Steve & Chris
Wed 26 Aug 2009 13:44
Wednesday 26th August 2009
Only 3nm to Halkida where we have to tie up and wait for the bridge to open at sometime between 2200 and 0400. We were alongside the town quay by 10.30, avoiding some very nasty metal protrusions which would definitely not do Scott-Free's topsides a lot of good!
The bridge at Halkida which we had to wait for
We set off to find the Port Police with whom we had to register and pay a fee to pass through the bridge. We'd been told it had moved to this side of the bridge, but when we couldn't find it and asked for directions, were told it was on the other side. We duly found a Port police building on the other side and were duly told it was back where we had started! Eventually we found the right place and were told to come back after 15:00 when the officer of the watch would be on duty! We walked around the town, had a nice lunch, bought a computer fan for the watermaker pump and went back to the boat and sat in the cockpit watching the world go by. Steve went back and registered with the Port Police and paid 18 euros fee and was told we should be ready from 22:00 and that the bridge would probably open at 12:30. It is only open for half an hour at the most and we all have to be ready to go or we could miss our slot. He was also told that if we were the only boat wanting to go through, the bridge would not open!
As we waited, however, another four yachts joined us, and we could see boats waiting the other side of the bridge to come North, so we were pretty certain it would open. At 22:00 we made our lines ready to slip - as we were being blown on to the quay we had to rig a bow spring so that we would be able to spring off into the wind. Just after midnight we were called on the VHF and told to start our transit, so having asked the guy parked in front to let off our spring at the last minute, we started to slip. As the bow moved out from the quay, we saw that he had disappeared and there was noone to let go the line! He reappeared just in time (cigarette in hand!) and let our line goand we joined the line of boats waiting to go through. We're not really sure what happened next as it appeared to be a bit of a bunfight as boats went through at will, despite hearing the Port Police telling people to wait. We called up on the VHF and got clearance and went through without incident. Once on the other side, however, it was difficult to make out where to go as the bright lights of the town around the bridge had wrecked our night vision. We were hooted by a pilot vessel as he steamed past and can only assume we were in his way! We had intended going into the Halkida Yacht Club and mooring for the night, but as the entrance was not obvious in the dark decided instead to anchor in the bay along with three of the other yachts. We soon had the anchor down, and after all the excitement decided we needed a nightcap before we could go to sleep. It certainly wasn't the strictly controlled passage that we had been led to believe!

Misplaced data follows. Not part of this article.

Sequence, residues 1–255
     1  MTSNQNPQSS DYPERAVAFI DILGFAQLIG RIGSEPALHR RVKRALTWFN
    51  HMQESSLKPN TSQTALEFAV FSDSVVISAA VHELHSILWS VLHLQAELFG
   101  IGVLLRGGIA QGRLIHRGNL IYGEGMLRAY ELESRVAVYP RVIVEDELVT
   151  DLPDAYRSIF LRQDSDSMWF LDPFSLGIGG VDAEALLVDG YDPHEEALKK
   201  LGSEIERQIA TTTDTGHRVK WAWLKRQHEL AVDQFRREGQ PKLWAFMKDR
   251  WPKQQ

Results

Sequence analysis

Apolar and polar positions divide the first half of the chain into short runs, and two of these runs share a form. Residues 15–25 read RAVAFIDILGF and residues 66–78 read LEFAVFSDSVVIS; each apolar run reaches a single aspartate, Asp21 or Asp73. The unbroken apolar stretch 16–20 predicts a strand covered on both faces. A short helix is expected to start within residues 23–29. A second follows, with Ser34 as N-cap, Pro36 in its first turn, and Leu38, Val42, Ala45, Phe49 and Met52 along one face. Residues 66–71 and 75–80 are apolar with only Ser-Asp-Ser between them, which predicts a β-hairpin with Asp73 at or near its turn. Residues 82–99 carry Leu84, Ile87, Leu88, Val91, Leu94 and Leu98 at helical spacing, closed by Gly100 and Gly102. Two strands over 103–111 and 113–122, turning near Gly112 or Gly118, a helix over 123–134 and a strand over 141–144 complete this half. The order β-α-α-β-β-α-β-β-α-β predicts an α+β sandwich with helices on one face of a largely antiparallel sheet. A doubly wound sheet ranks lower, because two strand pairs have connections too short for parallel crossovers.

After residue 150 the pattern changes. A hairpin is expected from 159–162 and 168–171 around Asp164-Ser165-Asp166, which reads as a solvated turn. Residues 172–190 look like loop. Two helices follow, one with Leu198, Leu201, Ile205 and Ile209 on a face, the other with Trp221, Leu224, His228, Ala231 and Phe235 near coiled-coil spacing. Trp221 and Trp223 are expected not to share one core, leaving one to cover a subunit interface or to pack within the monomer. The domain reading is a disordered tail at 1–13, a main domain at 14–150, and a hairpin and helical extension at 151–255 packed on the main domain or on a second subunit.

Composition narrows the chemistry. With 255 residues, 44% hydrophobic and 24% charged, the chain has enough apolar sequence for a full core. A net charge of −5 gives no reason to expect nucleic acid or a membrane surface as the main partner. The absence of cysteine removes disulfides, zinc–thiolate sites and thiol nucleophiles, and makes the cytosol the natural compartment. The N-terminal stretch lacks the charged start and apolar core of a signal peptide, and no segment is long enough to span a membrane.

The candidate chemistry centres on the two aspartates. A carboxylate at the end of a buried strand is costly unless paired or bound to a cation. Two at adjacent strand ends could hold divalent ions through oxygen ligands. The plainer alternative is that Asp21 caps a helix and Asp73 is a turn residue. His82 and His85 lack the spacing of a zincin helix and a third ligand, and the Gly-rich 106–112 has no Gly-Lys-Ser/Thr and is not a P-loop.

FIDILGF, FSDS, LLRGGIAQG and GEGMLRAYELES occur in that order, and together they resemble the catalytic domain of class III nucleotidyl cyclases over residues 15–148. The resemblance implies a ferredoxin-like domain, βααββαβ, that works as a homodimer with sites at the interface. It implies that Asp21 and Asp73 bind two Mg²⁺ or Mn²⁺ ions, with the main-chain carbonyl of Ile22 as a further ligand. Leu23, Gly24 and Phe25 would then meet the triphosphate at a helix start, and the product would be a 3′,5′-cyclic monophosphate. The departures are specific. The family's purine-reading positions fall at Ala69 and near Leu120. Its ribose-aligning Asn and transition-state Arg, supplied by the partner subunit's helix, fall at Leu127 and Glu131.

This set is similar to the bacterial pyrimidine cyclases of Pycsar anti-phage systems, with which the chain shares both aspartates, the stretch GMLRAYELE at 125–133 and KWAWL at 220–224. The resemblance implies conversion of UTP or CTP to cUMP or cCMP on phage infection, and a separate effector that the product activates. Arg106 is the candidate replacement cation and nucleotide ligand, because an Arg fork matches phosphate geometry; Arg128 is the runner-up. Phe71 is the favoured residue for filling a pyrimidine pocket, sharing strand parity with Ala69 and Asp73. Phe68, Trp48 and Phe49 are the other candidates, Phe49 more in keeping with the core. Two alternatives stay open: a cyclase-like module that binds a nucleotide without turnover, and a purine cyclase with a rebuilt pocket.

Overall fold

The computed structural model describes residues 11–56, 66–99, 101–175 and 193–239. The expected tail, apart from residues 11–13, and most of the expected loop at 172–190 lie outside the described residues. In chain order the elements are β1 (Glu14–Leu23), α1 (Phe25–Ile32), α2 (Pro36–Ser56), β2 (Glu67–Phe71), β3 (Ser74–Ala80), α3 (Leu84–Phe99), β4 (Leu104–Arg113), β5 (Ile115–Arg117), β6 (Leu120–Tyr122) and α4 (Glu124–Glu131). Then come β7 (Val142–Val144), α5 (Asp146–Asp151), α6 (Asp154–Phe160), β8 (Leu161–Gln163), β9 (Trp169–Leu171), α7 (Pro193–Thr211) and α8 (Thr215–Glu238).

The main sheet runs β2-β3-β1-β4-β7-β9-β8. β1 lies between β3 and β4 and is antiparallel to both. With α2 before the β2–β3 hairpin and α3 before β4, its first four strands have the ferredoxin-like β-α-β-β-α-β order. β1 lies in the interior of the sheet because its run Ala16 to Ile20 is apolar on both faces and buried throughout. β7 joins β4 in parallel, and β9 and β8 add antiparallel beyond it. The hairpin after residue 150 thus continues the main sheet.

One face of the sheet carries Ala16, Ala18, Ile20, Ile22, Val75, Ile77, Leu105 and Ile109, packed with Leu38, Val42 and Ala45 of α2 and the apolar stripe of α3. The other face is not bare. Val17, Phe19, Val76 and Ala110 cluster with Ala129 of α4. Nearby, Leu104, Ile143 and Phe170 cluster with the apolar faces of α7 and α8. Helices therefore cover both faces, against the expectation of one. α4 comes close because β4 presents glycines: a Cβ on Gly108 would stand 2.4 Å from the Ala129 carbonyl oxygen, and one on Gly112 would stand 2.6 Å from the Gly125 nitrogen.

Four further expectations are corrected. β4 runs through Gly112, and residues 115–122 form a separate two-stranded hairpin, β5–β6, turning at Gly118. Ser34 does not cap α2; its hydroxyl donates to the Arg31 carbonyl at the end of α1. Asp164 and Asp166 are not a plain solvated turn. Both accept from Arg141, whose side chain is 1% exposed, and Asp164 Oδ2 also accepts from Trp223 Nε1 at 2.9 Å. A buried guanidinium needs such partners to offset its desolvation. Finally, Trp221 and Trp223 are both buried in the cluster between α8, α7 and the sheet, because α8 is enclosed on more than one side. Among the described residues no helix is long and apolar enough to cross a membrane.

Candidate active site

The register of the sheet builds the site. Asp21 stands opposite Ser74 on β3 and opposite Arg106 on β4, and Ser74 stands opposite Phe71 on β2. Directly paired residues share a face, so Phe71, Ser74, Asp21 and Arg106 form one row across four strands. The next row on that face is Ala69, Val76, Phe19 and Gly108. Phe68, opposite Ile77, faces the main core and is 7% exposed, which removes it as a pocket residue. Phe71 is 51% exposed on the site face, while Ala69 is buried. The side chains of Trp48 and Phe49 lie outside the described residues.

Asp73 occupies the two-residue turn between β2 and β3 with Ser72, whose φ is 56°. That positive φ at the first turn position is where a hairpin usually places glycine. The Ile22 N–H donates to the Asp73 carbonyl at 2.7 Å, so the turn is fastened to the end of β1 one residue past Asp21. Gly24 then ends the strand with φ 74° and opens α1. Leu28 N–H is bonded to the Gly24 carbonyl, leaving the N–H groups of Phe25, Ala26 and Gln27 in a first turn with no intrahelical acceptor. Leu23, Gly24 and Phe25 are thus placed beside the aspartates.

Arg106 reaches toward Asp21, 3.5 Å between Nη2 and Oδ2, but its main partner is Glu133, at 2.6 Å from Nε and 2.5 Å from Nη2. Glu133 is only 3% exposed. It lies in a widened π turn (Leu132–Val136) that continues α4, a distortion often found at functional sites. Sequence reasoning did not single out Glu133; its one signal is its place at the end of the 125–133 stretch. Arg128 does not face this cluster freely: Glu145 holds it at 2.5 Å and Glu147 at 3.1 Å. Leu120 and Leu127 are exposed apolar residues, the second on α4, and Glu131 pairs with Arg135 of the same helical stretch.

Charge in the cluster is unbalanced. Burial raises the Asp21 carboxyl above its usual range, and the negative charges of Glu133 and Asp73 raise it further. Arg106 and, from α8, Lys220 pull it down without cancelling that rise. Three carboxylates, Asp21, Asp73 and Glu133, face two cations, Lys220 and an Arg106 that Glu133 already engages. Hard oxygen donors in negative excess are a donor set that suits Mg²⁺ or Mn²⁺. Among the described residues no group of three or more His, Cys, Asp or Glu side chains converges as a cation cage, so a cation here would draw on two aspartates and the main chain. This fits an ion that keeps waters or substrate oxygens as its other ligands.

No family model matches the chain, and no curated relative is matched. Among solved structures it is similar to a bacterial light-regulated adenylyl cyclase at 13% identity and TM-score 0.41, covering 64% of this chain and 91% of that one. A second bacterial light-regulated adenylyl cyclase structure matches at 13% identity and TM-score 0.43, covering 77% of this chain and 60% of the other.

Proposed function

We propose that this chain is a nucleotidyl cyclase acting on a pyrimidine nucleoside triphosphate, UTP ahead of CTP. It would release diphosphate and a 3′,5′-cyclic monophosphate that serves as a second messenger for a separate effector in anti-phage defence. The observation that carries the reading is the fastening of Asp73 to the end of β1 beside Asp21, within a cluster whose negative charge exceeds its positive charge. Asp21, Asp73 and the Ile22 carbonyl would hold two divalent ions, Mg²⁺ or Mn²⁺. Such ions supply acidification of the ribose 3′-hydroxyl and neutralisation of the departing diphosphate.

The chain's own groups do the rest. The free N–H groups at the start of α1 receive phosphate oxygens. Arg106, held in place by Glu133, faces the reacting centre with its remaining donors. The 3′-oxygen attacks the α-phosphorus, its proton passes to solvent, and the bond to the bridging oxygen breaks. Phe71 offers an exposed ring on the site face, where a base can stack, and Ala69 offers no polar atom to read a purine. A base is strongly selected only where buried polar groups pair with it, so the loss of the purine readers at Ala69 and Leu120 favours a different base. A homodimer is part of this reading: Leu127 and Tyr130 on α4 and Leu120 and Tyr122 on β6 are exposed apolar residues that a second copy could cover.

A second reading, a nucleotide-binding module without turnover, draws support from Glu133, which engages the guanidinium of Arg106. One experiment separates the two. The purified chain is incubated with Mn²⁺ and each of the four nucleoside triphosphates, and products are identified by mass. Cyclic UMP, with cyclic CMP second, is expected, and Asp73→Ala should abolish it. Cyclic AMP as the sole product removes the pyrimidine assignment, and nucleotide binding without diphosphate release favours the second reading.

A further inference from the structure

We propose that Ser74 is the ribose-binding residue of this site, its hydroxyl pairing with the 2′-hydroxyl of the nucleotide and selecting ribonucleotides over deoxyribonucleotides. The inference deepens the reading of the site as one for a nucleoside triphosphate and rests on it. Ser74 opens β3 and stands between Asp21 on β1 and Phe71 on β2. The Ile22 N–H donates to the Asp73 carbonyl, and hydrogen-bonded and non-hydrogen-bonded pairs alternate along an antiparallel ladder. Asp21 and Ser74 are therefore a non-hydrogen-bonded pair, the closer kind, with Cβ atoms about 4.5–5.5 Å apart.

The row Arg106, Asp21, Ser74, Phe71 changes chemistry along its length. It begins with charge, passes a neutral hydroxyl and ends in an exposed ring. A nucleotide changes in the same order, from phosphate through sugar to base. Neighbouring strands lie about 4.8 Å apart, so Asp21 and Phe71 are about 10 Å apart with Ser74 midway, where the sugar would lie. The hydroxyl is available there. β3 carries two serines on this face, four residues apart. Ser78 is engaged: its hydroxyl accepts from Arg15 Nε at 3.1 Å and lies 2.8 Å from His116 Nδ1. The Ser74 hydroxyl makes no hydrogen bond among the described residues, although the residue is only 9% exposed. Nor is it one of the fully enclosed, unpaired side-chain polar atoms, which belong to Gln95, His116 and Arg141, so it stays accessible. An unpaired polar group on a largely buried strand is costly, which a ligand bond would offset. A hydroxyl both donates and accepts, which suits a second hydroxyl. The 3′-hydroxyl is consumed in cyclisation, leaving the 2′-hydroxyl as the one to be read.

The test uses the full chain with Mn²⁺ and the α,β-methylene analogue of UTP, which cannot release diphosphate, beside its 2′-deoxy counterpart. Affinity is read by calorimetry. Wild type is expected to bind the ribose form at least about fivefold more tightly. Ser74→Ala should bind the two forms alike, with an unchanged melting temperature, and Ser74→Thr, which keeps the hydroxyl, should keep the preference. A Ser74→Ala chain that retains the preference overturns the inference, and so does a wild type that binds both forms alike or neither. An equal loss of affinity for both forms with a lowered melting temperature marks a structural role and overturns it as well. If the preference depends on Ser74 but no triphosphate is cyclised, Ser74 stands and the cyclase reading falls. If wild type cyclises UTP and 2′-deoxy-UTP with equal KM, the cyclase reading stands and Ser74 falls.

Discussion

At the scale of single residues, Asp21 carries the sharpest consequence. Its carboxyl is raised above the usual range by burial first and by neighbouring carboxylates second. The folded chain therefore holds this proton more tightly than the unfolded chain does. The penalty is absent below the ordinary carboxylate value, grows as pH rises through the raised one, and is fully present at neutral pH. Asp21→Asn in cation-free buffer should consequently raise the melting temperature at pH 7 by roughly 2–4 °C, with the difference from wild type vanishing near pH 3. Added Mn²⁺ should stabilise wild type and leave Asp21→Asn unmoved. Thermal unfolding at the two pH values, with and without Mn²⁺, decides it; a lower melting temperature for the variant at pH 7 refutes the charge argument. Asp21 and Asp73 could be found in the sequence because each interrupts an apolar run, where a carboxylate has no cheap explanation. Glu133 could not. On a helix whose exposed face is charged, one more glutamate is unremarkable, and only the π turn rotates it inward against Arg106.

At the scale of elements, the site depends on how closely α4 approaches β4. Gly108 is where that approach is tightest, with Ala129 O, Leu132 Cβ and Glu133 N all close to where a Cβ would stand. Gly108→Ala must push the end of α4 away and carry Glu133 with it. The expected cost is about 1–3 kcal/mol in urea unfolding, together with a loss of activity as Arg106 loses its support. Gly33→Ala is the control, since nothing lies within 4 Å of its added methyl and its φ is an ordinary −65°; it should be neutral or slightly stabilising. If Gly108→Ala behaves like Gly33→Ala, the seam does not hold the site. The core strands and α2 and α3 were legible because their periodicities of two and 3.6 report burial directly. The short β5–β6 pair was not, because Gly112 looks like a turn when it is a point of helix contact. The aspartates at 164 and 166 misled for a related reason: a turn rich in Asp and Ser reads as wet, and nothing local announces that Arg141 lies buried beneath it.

Thursday 27th August 2009
Next morning we could easily make out the entrance to the yacht club and so we weighed anchor and moved there. We plugged into electricity for the first time since Skopelos Town and gave the boat a really good wash down with their free water. We had hoped we might get some info from the locals about jobs we wanted to get done on the boat and a launderette, but there was noone around all day until early evening, and then they seemed so put out by the fact that we had inadvertently not parked on the visitors pontoon (which was not marked as such and had been full when we arrived anyway) that we didn't feel it appropriate to ask for help. Even the guy we had met in Limni who had said we should go to the yacht club was not particularly friendly. We had a drink at the yacht club bar and smiled and sail hello to several people, but none stopped to talk. Maybe it was a language thing, but in Turkey it doesn't seem to stop them chatting. This is a big difference we have found between the Greeks and the Turks - the Greeks are not at all friendly whereas the Turks are sometimes overly so.